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  • Ruling Bodies Ban Jamaican Food Staples!

    See story on front page now!

  • #2
    Not bad....

    Comment


    • #3
      In a joint statement issued by the presidents of the World Anti-Doping Agency, International Olympic Committee (IOC), and the International Association of Athletics Federations (IAAF), the following foods have been placed on the list of banned substances issued by WADA:yam, green bananas, cocoa, dasheen, breadfruit, ackee and saltfish, mackeral run down, turned cornmeal, Jerked pork and chicken, escovietched fish Malta, Supligen, Milo (said to be the food drink of Champions), Horlicks andcoconut oil.
      Ironically real yams do contain steroids, although they are not the perfomance enhancing variety. But I assume the yams above are the sweet potato variety. Certainly it would not surprise me if some plant foods do contain bannned substances.

      Comment


      • #4
        Originally posted by Daisy
        In a joint statement issued by the presidents of the World Anti-Doping Agency, International Olympic Committee (IOC), and the International Association of Athletics Federations (IAAF), the following foods have been placed on the list of banned substances issued by WADA:yam, green bananas, cocoa, dasheen, breadfruit, ackee and saltfish, mackeral run down, turned cornmeal, Jerked pork and chicken, escovietched fish Malta, Supligen, Milo (said to be the food drink of Champions), Horlicks andcoconut oil.
        Ironically real yams do contain steroids, although they are not the perfomance enhancing variety. But I assume the yams above are the sweet potato variety. Certainly it would not surprise me if some plant foods do contain bannned substances.
        My guess would be that most of them do.
        "A beautiful theory killed by an ugly fact."
        by Thomas Henry Huxley

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        • #5
          Maybe i should rephrase that to 'contain banned substance at levels that would lead to a positive drug test'.

          Comment


          • #6
            the Cassava root, a high fibre, high starch tuber root eaten in
            Jamaica
            cassava is actually a staple of the kenyan diet ( along with ugali which is a type of cornmeal )

            they don't eat potatoes very much there & cassava is their "potato"

            it's served here in london in "fusion" restaurants & you can pick it up from any "ethnic" grocer

            you can cook it yourself ( i sometimes do ) - you just boil it like a potato & when soft, pan-fry it in preferably in some paprika/tabasco ( you can just boil it for healthiest option )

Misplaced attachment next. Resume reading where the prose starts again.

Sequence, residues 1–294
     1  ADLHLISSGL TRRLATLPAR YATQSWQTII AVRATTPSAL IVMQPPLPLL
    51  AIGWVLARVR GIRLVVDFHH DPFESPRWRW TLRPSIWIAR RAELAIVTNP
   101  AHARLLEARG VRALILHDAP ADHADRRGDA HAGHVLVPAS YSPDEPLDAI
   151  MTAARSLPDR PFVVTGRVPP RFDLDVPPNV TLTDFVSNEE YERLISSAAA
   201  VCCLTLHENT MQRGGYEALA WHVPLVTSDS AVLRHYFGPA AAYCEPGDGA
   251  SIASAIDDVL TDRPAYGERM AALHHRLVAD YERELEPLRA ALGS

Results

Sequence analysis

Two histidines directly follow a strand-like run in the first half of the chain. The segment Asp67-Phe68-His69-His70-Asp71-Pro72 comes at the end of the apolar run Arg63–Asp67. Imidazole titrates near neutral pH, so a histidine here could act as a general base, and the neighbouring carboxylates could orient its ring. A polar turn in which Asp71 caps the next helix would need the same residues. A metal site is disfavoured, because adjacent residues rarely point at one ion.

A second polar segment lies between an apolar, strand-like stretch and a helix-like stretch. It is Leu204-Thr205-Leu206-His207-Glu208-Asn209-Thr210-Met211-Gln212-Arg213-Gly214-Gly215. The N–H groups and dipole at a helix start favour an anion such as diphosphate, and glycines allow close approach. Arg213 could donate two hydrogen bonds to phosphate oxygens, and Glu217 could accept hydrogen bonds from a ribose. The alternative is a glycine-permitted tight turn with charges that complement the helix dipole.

it tastes delicious - a little like a stringier version of potato fries ( but much healthier in terms of higher fibre content - goes long way to getting your recommended 25g fibre/day to prevent colon cancer )

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            • #7
              Two substances which have been discovered in testing of the Jamaican foods are“yamstenine”, a yam derivative and “cocosterone”
              Gots to get me some of that stuff (assuming 'coco' refers to chocolate, not cocaine). Any PEDs with chocolate in it, I'm all for!!

              Comment


              • #8
                But what about seamoss. It's very potent.

                Comment


                • #9
                  Everythign you wanted to know about seamoss

                  http://en.wikipedia.org/wiki/CMOS

                  Comment


                  • #10
                    Originally posted by gh
                    Everythign you wanted to know about seamoss

                    http://en.wikipedia.org/wiki/CMOS
                    DRIED IRISH / SEA MOSS SEA MOSS

                    Raw Irish Moss is to Pudding, Cream Pie, Meringue, Whipped Cream, Salad Dressing, Smoothies, Sauces, anything you could want a stable-liquid form for! While gelatin is an animal-derived protein, Irish Moss contains a polysaccharide (a natural form of sugar) which, when thoroughly blended, also disperses throughout a liquid to create a semi-solid structure. In fact, the carrageen found in Irish Moss is used by the mainstream food industry to make jellies, ice creams, dressings and other foods!